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How will South respond to new Title IX change?

Joel Goode, Opinion Editor

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Last August, students and faculty at the University of South Alabama received an email from Title IX coordinator Krista Harrell.

“The University of South Alabama allows individuals to use the restroom or changing facility that is consistent with their gender identity,” said Harrell. “This is in compliance with Title IX guidance recently issued by the U.S. Department of Education and Department of Justice.”

The directive came as part of a ruling by the Obama administration to ensure transgender people would be able to use bathrooms they felt secure in.

Last Wednesday, President Trump ended the protections for transgender students issued by the Obama administration.

The Obama mandate tackled a holdover of anti-civil rights logic stating that bathroom access should be based on the sex of the individuals using the facilities.

To clarify, sex is determined by the genitals a person is born with. Gender, on the other hand, is aligned to the actual psychological identity of a person.  

What makes the argument of anti-transgender rights advocates irrational is the tacit assumption that people who psychologically identify as female should be relegated to male bathrooms, and that people who psychologically identify as male should be relegated to female bathrooms.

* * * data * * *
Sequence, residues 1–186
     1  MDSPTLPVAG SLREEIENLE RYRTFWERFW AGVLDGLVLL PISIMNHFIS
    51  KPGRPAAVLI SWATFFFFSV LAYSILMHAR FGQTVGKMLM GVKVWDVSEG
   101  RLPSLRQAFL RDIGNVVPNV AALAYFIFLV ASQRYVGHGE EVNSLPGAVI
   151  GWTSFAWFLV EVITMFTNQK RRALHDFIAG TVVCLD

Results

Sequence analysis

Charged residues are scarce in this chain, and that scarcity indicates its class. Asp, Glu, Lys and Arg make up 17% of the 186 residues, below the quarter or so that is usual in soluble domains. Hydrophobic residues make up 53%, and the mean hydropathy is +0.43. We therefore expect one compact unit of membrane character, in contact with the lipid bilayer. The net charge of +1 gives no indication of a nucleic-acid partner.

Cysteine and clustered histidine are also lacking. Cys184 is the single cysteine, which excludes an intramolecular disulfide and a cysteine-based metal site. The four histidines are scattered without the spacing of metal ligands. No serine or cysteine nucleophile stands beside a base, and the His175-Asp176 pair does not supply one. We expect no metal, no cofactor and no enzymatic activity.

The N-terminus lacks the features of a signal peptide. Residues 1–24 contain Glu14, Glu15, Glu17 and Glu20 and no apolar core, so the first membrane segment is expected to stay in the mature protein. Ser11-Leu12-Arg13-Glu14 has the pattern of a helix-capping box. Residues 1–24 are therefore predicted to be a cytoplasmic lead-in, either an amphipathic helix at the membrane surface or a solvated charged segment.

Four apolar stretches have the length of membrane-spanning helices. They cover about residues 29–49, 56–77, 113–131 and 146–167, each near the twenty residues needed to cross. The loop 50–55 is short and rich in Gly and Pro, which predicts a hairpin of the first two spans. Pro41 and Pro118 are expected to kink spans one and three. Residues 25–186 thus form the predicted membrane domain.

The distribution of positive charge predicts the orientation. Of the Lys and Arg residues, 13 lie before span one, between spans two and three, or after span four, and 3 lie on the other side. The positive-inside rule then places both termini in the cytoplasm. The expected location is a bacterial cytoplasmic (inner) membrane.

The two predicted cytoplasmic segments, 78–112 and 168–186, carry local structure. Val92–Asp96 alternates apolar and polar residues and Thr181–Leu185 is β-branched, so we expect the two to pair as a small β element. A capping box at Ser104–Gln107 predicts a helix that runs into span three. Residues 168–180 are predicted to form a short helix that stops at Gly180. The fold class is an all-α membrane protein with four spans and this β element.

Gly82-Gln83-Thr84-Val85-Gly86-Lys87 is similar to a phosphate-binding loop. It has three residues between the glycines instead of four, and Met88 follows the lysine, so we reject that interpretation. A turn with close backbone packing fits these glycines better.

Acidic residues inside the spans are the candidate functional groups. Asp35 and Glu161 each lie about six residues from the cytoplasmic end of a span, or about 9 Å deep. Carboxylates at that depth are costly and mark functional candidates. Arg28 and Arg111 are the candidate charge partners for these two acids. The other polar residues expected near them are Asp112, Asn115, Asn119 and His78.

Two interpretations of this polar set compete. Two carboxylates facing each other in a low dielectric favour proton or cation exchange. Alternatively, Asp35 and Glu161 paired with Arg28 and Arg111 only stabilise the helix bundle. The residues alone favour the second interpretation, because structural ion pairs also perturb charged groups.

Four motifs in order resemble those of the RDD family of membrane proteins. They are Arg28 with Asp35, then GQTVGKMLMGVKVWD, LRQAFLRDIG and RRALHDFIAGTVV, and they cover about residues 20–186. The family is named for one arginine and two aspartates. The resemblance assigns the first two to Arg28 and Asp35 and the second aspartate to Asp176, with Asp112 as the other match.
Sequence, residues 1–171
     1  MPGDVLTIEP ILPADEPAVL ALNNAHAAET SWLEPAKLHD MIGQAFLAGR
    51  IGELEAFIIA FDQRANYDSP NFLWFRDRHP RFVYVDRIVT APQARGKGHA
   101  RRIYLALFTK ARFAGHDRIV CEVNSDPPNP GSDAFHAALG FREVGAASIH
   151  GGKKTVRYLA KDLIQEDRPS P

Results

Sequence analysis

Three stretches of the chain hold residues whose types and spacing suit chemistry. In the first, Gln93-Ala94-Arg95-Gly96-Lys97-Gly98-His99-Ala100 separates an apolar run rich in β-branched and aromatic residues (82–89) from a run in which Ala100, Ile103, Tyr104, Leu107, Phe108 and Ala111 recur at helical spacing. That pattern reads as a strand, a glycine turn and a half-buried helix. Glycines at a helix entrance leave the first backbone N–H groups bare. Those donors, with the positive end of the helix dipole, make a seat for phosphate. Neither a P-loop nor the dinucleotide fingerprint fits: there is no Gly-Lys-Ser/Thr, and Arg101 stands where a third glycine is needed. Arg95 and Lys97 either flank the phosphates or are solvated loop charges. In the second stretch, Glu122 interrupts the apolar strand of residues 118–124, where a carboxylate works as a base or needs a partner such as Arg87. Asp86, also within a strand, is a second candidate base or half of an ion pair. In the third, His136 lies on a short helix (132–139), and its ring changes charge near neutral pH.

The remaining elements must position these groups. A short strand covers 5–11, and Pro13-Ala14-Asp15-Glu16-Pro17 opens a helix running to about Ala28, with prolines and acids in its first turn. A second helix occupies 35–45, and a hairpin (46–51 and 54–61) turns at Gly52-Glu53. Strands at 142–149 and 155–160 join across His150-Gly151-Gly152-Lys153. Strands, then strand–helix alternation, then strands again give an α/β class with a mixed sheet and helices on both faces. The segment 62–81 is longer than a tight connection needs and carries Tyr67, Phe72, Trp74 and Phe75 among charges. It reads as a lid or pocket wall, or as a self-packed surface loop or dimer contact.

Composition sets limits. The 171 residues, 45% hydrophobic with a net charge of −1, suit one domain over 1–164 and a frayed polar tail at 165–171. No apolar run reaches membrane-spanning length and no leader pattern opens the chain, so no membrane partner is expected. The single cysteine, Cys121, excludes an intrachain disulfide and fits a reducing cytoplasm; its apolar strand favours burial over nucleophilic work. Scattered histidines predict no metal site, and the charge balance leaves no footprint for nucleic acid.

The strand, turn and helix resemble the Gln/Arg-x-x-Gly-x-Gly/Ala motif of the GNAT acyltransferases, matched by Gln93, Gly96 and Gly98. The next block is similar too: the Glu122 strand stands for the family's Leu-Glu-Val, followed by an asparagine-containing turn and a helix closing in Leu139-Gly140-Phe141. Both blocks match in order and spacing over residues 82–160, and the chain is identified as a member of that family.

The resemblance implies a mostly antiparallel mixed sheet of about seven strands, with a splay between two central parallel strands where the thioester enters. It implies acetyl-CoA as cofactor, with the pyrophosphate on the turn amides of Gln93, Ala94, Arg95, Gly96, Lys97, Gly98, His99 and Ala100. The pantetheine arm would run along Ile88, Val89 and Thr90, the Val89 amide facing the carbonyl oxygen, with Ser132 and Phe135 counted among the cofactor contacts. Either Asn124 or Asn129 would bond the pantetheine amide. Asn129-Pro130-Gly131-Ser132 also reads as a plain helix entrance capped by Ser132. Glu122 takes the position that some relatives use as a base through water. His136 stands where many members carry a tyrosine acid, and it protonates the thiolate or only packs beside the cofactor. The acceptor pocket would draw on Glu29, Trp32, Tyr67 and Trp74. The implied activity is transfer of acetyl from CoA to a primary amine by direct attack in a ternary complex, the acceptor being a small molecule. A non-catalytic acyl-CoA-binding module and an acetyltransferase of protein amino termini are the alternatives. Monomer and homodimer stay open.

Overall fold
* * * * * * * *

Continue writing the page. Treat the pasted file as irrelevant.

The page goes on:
Imagine a woman being forced to use a men’s bathroom. By the same token, imagine a man being forced to use a women’s bathroom. This is the reality faced by transgender people living in communities where they are not allowed to use the restroom of their self-identified gender.

Sex-as-opposed-to-gender bathroom regulations are a form of psychological cruelty rooted in hypocrisy. Fear-mongering “Men allowed in Women’s Bathrooms” headlines emerged from anti-civil rights media in reaction to the Obama administration’s directive. Such commentators were, by nature, saying that men should be forced to use women’s bathrooms, and that women should be forced to use men’s bathrooms.

Transphobic rhetoric appeals to fears of sexual violence, with little regard for the fact that, according to data gathered by organizations like the FBI, the Human Rights Campaign, and the National Coalition of Anti-Violence Programs, transgender people are grossly disproportionately likely to be victims of sexual violence, not perpetrators.

Many states and schools openly rebelled against the Obama administration’s directive, which, according to the BBC, did not impose direct penalties but threatened to cut funding to those who did not comply. With the effects of Trump’s counter-ruling still on the horizon, USA should take a stand and enforce the values it adhered to when it complied with Obama’s directive. Which is to say, not the values of the letter of the law, but the values of human rights that underlie the previous administration’s virtuous yet belated policy decision.

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How will South respond to new Title IX change?